Inside BMC: Behind the Scenes With the Swiss Risk Takers

May 25, 2018
by Matt Wragg  




To understand BMC, you need to understand what BMC stands for. Quite simply, it stands for Bicycle Manufacturing Company. It is a perfect Swiss name – straight forwards, utterly without pretense and very efficient in explaining what the company does. In a world dominated by social media and carefully cultivated public images, it is endearingly honest. Fun, even. To those unfamiliar with Switzerland 'fun' may seem like an unusual choice of adjective, but despite their straight-laced reputation, in my experience, the Swiss, as a whole, are pretty good fun to spend time with. Certainly, by the end of my day with BMC, I came away with an overwhelming impression of a genuine shared sense of excitement and enjoyment amongst the people working here.

Writing about BMC right now is a little difficult though. A few days after we visited their HQ their long-time investor, Andy Rhis, died after suffering for a long time with illness. It is hard to write about BMC without him. Although he may never have held a day-to-day job, his mark on the company is indelible. After making his money with a hearing aid patent he began investing in a nascent BMC in the 90s and his enthusiasm, passion and willingness to encourage them to innovate has shaped the company.

In the Germanic business tradition, he allowed the business to put aside the bottom line to an extent not possible with regular shareholders, and it is under his guidance that they established a facility in Grenchen, Switzerland, to perfect the art of working with carbon fibre. While most high-end companies now work with carbon, this facility is unique – when BMC opened this facility in 2010 nobody else in the industry had such extensive in-house technology. Anybody who works with carbon will tell you that there is a massive learning curve to getting the best from the material, yet it has not all been plain sailing for BMC.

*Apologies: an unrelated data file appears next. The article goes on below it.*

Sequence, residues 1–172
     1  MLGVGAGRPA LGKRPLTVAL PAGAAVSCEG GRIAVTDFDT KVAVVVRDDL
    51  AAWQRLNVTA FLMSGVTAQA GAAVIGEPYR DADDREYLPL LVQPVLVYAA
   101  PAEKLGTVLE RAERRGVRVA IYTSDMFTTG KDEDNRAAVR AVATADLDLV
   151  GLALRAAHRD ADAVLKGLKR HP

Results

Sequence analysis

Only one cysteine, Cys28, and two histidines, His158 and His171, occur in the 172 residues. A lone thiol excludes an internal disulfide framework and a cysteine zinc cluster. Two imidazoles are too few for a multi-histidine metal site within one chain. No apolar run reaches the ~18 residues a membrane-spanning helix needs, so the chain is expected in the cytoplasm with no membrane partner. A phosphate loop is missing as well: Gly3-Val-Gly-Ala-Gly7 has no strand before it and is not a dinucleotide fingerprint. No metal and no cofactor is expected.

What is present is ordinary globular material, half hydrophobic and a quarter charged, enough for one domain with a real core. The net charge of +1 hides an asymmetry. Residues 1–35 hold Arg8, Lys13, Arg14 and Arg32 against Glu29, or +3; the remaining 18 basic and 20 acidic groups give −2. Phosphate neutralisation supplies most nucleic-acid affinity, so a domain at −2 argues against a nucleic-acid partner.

The original idea was that they would produce their high-end bikes in Grenchen, but in 2014 they acknowledged that it simply was not feasible and by the time they had truly understood the technology they invested in, it was no longer cutting edge. So to keep up with the competition in terms of both cost and quality, they had to keep their production in Taiwan. With that decision, this facility was re-purposed as their R&D centre and their test lab for new ideas and technology for their range of products. It became the beating heart of a company who have always put great value in bringing new technology and ideas to market.



Inside BMC. Grenchen Switzerland.
Inside BMC. Grenchen Switzerland.

Inside BMC. Grenchen Switzerland.

Inside BMC. Grenchen Switzerland.
Inside BMC. Grenchen Switzerland.
Their design team is based in the main building of their HQ. For a company the size of their design team is very noticeable - BMC clearly is not afraid to invest their resources in the engineering side. Of the 75 people they employ here in Grenchen more than 10% of that total work in engineering.

Inside BMC. Grenchen Switzerland.
BMC's Impec Lab was the focus of our attention. Opened in 2010, its sole purpose is to chase the ever-shifting goalposts of making the perfect carbon bike.

Inside BMC. Grenchen Switzerland.

Inside BMC. Grenchen Switzerland.
Inside BMC. Grenchen Switzerland.

Inside BMC. Grenchen Switzerland.
As you walk into the Impec Lab you are greeted by their museum - charting the development of their mountain bikes from late 90's experiments onto straight tubing, hydroforming, then carbon fibre.